The surging crisis in Iraq and battles over democracy in Arab Spring nations have exposed the failure of the international community to help lay political foundations, a top official says.
In a wide-ranging interview, Anders Johnsson said global players have repeatedly got the recipe wrong by seeing elections as the end of a process rather than the beginning.
Johnsson, a Swede, heads the International Parliamentary Union, a grouping of 164 legislative chambers that seeks to improve representative democracy worldwide.
He retires on Tuesday, after 16 years at the helm.
“I have seen this time and time again,” Johnsson told AFP, saying the international community pours billions of dollars into paving the way for free elections but fails to help newly-crafted parliaments find their feet.
“There is a tendency to look upon elections to a parliament as a means of justifying or legitimising a government and to forget the rest,” he said.
“But parliamentary institutions are where all parts of society are supposed to have a say in how government policies are conducted,” he added.
He echoed UN Secretary General Ban Ki-moon, who has said Iraq and other crisis zones should rethink their governance in order to defuse community tensions before they spill over.
Sunni militants from the Islamic State of Iraq and the Levant have launched an all-out assault on the country’s Shiite-run central government.
The latter has ruled since dictator Saddam Hussein was ousted by a US-led coalition in 2003.
The crisis has strained the already-complex ties between Iraq’s three main communities: Shiite and Sunni Arabs, and Kurds.
In Egypt, democratically-elected Islamists were ousted last year by the military, firmly back in control of government and overseeing a sweeping crackdown.
Libya, meanwhile remains gripped by community tensions and Tunisia has also faced instability.
– Power “taken for granted” –
“Since the beginning of this Arab Spring, I have been stating very strongly to all the leaders concerned that they should listen attentively and carefully to the voices of people,” Ban said last week in Geneva.
“A large part of this problem comes when the leaders, when they are elected or they are given this mandate, take it for granted,” he said.
“But legitimacy comes from elections as well as good governance, and respecting human rights, and reaching out to all the people, whatever their ethnicity or religion,” he added.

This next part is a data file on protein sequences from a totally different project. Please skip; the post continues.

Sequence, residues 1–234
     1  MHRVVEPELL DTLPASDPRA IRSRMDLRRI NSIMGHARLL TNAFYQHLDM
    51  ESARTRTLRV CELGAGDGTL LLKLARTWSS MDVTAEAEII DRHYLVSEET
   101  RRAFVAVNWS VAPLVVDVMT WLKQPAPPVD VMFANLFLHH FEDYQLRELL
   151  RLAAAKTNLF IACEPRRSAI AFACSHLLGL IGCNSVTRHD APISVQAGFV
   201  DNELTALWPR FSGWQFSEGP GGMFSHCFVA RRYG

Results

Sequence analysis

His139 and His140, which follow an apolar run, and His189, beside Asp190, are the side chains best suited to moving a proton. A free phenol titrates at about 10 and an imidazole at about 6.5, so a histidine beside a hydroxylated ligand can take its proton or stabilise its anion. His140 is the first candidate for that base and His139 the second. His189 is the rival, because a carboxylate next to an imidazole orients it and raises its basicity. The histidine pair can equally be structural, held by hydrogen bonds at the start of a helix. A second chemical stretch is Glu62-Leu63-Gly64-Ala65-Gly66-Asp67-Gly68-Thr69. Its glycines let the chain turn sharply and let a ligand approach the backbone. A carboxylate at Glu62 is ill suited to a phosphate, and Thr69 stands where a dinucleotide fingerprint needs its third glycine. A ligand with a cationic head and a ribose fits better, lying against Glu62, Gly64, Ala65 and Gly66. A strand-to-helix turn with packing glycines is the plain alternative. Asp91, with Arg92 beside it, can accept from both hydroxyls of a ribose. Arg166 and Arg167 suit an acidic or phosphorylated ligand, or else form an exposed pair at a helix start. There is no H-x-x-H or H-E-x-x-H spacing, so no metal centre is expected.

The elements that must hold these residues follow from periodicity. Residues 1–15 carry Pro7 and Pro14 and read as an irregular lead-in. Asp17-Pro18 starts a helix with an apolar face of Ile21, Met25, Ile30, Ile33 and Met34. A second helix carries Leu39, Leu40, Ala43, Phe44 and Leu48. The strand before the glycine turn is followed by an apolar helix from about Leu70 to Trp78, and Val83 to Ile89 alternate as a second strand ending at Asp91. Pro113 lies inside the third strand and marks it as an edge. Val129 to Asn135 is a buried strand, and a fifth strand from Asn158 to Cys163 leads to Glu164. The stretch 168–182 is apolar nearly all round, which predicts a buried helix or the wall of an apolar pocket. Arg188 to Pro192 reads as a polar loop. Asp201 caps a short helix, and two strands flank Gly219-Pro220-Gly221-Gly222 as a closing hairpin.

Ban warned that groups with a grievance are a breeding ground for extremism.
Johnsson said a radical shift was essential, and that established democracies should offer a helping hand without laying down the law.
“There has to be a different way of doing politics and of making sure that the day after the elections, we still have an inclusive process worth its name that is allowed to function, that is given the support to be able to function,” he said.
“One problem is that this is seen to be too political, because people say, ‘But then we’ll get involved in political processes’,” he explained.
“It’s also because it’s expensive. These things don’t come cheap,” he said, adding that investment was worth it if global stability was the return.
In addition, governments can be reticent to take help because strong parliaments act as a brake.
Failings are also clear in established democracies, Johnsson said, pointing to the populist mood in crisis-afflicted Europe.
Voters sense little change despite elections and feel out of touch with an increasingly professionalised political class, he said, blaming parties for narrowing their candidate pool.
“And then leaders, I’m not so sure that they really understand what citizens think about the process. I think there is a real, serious issue here,” he warned.
He also condemned lobbyists.
“We have run completely out of spin and it is essentially money that rules, and big money at that,” he said.
“We have hardly drawn any real lesson from the crisis that took place in 2008 and we are nowhere near creating a better world than we were before the crisis hit,” he added.